Try something different with Erlang

The last week, I've been playing around with Erlang and I've really enjoyed it. It was first released in 1986, so it's definitely not a new language. However, I'm pretty sure that working with Erlang would give a lot of the programmers out there a new experience.

Erlang is a functional language with a Prolog inspired syntax. It's a language designed to create reliable systems with a main focus on concurrency, fault tolerance and distribution.

Concurrency is solved using the actor model. In Erlang actors are lightweight processes that communicate by sending messages between each other.

To get to know Erlang, I've created a simple chatroom. The idea is to have a server process that client processes can connect to. For simplicity, I've left out distributing the processes, but I may cover this in a later post.

This results in two types of actors, a server actor and a client actor.

Let's start by taking a look at the server actor.


start() -> spawn(fun() -> loop([]) end).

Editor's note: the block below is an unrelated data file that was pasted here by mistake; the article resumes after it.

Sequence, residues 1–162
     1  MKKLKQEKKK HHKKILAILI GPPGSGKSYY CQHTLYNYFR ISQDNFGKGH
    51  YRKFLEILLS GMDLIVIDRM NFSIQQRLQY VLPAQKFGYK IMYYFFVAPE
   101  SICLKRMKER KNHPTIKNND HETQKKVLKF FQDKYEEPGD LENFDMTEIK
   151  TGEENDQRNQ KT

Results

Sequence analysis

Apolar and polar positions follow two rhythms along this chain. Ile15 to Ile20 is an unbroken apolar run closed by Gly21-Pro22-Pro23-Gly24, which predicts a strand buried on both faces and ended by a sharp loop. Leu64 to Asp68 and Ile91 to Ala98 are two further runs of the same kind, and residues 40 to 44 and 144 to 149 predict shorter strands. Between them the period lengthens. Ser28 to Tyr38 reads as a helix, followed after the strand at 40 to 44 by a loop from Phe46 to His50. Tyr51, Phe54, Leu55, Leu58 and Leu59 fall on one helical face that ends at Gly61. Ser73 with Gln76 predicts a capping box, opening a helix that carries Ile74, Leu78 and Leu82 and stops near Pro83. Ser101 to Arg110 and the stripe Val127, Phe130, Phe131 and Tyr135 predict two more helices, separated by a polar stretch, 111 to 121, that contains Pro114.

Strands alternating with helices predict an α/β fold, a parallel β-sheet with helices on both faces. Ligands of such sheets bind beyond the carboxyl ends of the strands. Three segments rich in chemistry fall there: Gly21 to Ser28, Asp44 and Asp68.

loop(Clients) ->  
  process_flag(trap_exit, true),
    {From, connect, Username} ->
      broadcast(join, Clients, {Username}),
      loop([{Username, From} | Clients]);
    {From, send, Msg} ->
      broadcast(new_msg, Clients, {find(From, Clients), Msg}),
    {'EXIT', From, _} ->
      broadcast(disconnect, Clients, {find(From, Clients)}),
      loop(remove(From, Clients));
    _ ->

broadcast(join, Clients, {Username}) ->  
  broadcast({info, Username ++ " joined the chat."}, Clients);
broadcast(new_msg, Clients, {Username, Msg}) ->  
  broadcast({new_msg, Username, Msg}, Clients);
broadcast(disconnect, Clients, {Username}) ->  
  broadcast({info, Username ++ " left the chat."}, Clients).

broadcast(Msg, Clients) ->  
  lists:foreach(fun({_, Pid}) -> Pid ! Msg end, Clients).

find(From, [{Username, Pid} | _]) when From == Pid ->  
find(From, [_ | T]) ->  
  find(From, T).

remove(From, Clients) ->  
  lists:filter(fun({_, Pid}) -> Pid =/= From end, Clients).

It all begins with the start function. Here we call spawn, which create a new process of an anonymous function that then calls loop. For now, let's ignore the process_flag function and go straight to receive. This function receives messages from other processes, which in our case would be the clients. It then use pattern matching to figure out what to do with the message.